post #962 of 3714
I've got MTT's M9 on right now, but I'll get to the M3 immediately after!

Off topic question:
Where do you think composers for films are positioned stylistically, people like Maurice Jarre (Lawrence of Arabia, Dr. Zhivago, Witness); Miklos Rosza (Ivanhoe, Red River, Lust for Life, Flesh and the Devil); Dmitri Tiomkin (Lost Horizon, Friendly Persuasion, Mr. Smith Goes to Washington); John Williams (Home Alone, Hook); John Barry (Out of Africa, Dances with Wolves, Chaplin). Are they romantic or post romantic?
post #963 of 3714
Quote:
Originally Posted by Bunnyears
I've got MTT's M9 on right now, but I'll get to the M3 immediately after!

Off topic question:
Where do you think composers for films are positioned stylistically, people like Maurice Jarre (Lawrence of Arabia, Dr. Zhivago, Witness); Miklos Rosza (Ivanhoe, Red River, Lust for Life, Flesh and the Devil); Dmitri Tiomkin (Lost Horizon, Friendly Persuasion, Mr. Smith Goes to Washington); John Williams (Home Alone, Hook); John Barry (Out of Africa, Dances with Wolves, Chaplin). Are they romantic or post romantic?
Wow - This could even be a new thread topic!

They are late/neo romantic - I think that most of them are influenced by 20th century traditionalists (who also held positions in academia) such as Respighi, Howard Hanson, Walter Piston). Hanson came under fire in the 60s for his career at Eastman, in which he influenced students (who went on to film careers) in a tonal, non-serial direction. The famous exception is Goldsmith's score to Planet of the Apes, which sounds Berg-ian.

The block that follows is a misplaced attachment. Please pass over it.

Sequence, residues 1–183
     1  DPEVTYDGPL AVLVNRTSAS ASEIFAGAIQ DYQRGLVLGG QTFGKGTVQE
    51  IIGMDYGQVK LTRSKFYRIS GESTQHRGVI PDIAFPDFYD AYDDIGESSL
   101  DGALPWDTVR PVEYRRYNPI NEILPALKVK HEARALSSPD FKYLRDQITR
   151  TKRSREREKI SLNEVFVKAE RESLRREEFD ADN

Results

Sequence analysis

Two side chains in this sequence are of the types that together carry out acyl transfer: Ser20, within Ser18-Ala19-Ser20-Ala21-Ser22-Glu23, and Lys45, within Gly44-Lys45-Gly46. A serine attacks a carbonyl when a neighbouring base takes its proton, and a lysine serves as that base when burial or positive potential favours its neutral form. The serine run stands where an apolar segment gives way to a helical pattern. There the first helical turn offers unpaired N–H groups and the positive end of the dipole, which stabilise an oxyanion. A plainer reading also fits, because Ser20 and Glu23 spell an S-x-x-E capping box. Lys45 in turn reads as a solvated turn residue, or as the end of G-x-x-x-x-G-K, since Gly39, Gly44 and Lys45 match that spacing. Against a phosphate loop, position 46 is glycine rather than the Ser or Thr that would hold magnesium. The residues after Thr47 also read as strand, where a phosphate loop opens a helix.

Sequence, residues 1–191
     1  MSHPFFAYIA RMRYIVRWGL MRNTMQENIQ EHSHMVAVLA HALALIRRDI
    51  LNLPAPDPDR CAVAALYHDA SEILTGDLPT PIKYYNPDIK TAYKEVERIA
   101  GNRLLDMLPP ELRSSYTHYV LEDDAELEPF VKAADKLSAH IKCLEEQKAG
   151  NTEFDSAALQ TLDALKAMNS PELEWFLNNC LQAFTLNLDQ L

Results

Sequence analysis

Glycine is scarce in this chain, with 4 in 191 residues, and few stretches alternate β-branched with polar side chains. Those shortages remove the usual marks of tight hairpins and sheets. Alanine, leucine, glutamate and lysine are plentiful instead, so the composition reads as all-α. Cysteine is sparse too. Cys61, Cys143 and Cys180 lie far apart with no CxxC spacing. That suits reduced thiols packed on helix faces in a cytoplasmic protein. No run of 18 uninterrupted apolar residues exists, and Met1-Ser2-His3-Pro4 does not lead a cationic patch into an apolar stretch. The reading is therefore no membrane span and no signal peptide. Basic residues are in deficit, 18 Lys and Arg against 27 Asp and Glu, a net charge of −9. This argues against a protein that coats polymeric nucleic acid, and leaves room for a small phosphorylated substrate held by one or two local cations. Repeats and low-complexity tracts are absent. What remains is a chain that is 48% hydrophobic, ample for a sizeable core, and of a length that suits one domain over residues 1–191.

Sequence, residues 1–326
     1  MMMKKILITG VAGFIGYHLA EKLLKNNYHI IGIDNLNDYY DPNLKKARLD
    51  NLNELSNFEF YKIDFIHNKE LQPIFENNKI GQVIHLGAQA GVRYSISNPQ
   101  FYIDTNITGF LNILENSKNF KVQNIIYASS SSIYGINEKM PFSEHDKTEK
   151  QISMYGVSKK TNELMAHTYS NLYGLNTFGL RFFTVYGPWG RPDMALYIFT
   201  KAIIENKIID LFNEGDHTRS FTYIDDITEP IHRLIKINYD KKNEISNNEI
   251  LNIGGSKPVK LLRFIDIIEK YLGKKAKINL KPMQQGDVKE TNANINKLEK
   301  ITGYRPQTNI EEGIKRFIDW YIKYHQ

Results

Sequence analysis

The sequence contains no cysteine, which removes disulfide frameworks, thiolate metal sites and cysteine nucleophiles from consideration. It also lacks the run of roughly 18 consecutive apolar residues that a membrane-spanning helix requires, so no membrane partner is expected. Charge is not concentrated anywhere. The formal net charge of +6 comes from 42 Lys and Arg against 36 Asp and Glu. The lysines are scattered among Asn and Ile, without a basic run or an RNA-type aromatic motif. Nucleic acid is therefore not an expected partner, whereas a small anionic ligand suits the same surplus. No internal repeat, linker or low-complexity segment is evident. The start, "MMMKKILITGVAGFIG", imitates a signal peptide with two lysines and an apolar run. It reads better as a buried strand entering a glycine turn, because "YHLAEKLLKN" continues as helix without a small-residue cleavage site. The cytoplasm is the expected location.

It's also fun to consider that a lot of film music IMO, is directly influenced (even modeled after) two pieces: Wagners Der Ring and Holst's The Planets. Listen to "Gladiator" - music that has been well-received - and you will hear the blatant (and I do mean blatant) copying of Mars and Siegfried's Funeral March - much more than an homage, an absolute ripoff! Similarly, the oft-cited Star Wars music is just a stylistic rehash of Der Ring (especially the Sword Motive). (Off topic: Both of these movies also visually borrow heavily from Riefenstahl's Triumph of the Will - as disturbing as that might be to fans of Gladiator and Star Wars!).